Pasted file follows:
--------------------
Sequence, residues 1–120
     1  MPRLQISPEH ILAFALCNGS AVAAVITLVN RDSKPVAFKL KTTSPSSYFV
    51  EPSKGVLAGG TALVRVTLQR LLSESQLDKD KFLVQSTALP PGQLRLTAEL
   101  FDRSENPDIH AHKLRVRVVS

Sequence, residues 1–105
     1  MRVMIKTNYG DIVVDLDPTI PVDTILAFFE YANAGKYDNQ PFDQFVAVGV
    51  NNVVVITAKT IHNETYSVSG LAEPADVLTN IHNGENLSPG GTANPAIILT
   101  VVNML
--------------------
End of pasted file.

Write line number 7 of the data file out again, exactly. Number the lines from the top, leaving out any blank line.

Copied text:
    51  NNVVVITAKT IHNETYSVSG LAEPADVLTN IHNGENLSPG GTANPAIILT